Principal amongst the morphologic features was the geomorphology of the beach which was evaluated through continuous beach profiling at each of the five study stations. Profiling was done with the aid of graduated staff s and tape using the horizon as reference. The profile data were used to prepare geomorphological map of the study area (Figure 4a and Figure 4b).

A typical cross section distinguishes the beach into the backshore, berm, upper, middle and lower foreshore morphozones with the latter extending into the surf zone. The upper foreshore is taken to extend 20 m seaward from the berm edge succeeded by the mid foreshore which is 20 m long. The lower limit of the mid foreshore to the low tide water line defines the lower foreshore.

Beach profiles were conducted daily at the study stations from which estimates of day to day net volumetric changes at the beach morphozones over two time intervals (10 September - October 20 1995) was calculated.

3.2 Hydrodynamic features

Hydrodynamic parameters influencing the characteristics of the beach were monitored. These include longshore current velocity and direction, wave height, swash excursion length, and wave and swash periods. The longshore current velocity was estimated by tracking the movement of a floating object over known distances and corresponding drift time; drift direction was ascertained with the aid of a compass. The wave height at breaking was estimated with the aid of a graduated staff held just above the water level close to the breaker line. Wave periods and swash periods were obtained with use of stop watch. This involved observing a series of successive waves and swashes over known time intervals.

3.3 Beach stability index

The variations in the surf-scaling parameter as an index of beach mobility and or stability were evaluated using Guza and Inman [22] equation. It is given as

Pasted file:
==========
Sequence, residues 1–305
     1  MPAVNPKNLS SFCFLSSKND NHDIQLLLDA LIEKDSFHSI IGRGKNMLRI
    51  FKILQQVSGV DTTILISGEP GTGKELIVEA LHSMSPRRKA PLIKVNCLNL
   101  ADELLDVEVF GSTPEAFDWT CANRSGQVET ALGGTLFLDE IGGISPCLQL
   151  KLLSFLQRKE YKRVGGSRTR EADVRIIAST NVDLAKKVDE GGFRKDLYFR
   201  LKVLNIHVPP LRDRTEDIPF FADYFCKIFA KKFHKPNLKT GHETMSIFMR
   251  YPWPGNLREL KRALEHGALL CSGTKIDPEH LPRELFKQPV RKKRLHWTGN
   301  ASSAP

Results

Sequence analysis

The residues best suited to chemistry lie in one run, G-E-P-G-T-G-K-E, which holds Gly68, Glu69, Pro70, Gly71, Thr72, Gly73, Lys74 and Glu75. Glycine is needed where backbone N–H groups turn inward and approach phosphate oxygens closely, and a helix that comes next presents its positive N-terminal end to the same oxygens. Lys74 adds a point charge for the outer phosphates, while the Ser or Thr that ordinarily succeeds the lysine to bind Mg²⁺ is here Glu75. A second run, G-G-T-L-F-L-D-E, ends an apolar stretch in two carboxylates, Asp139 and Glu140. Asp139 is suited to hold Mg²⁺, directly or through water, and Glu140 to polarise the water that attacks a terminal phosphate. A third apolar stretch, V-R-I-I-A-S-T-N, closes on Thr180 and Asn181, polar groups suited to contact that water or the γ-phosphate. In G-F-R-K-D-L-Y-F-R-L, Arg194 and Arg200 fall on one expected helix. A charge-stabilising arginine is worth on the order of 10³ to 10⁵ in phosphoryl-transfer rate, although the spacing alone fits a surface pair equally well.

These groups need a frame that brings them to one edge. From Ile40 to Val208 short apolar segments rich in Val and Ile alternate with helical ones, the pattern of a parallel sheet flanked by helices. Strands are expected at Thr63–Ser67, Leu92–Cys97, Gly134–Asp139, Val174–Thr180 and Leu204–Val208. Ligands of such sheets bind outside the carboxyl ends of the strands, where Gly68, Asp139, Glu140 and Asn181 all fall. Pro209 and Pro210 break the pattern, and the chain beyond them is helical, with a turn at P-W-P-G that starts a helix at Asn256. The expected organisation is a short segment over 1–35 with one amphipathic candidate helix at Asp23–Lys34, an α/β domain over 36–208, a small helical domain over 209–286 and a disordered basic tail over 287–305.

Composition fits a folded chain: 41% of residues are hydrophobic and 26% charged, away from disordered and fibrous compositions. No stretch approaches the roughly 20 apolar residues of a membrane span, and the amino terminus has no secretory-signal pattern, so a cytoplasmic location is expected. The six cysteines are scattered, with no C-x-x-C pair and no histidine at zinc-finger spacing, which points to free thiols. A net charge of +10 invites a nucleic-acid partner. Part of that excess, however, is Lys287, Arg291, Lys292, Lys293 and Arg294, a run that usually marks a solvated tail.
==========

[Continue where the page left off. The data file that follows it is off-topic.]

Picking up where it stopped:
ϵ = H (2π)-2T-1g  (tanβ)-2,     (1)

where H is wave height, β is beach slope, and T is wave period.

4. Results and Discussion

Typical daily beach profile measurements are presented in Figures 4a and 4b along with tidal elevation curve during the neap tide of the study period (Figure 5) while the sediment volumetric change on the studied beach over time (10 September - 20 October 1995) calculation from the beach profiles are presented in Figure 6 showing the backshore - berm, upper foreshore and mid foreshore morphozones to be characterized by net accretion with the highest volume recorded in the mid foreshore of station 2 (+ 8.20 m3/m) and upper foreshore of station 1 (+7.92 m3/m). By contrast, the lower foreshore was dominated by erosional activities, with highest erosion (-15 m3/m) occurring close to the estuary.

Runup on a beach is a common attribute of a shoreline environment as the waves are constantly breaking and expending their energies. This process to a high degree affects the sediments water content, beach saturation and ground water table evaluation causing variable permeability characteristic on the in-situ beach sediments [13].

Moreover, sediments characteristics, especially mean grain size and sorting (Table 1) are known to exert a marked influence on permeability of beach sediments [22-23] which affect beach saturation, infiltration and sediment deposition and or exfiltration and erosion. 

Higher mean grain size at low groundwater elevation in the mid-foreshore, upper foreshore and backshore – berm beach sun-environments are responsible for the accretion while a low water table at the still water line characterizes the erosion in the morphozone. Time-averaged beach mobility and or stability index varies from 140–260, 40–60, 15–30, 10–36, and 4–120 in stations 1, 2, 3, 4, and 5 respectively. Very high values (>> 33) of the parameter such as at the stations 1, 2 and 5 of the study area (Figure 7) suggests highly dissipative beach condition or low mobility tendency [24]. Some segments of the beach (station 3) depicts temporary low surf-scaling parameter values, hence a high mobility tendency.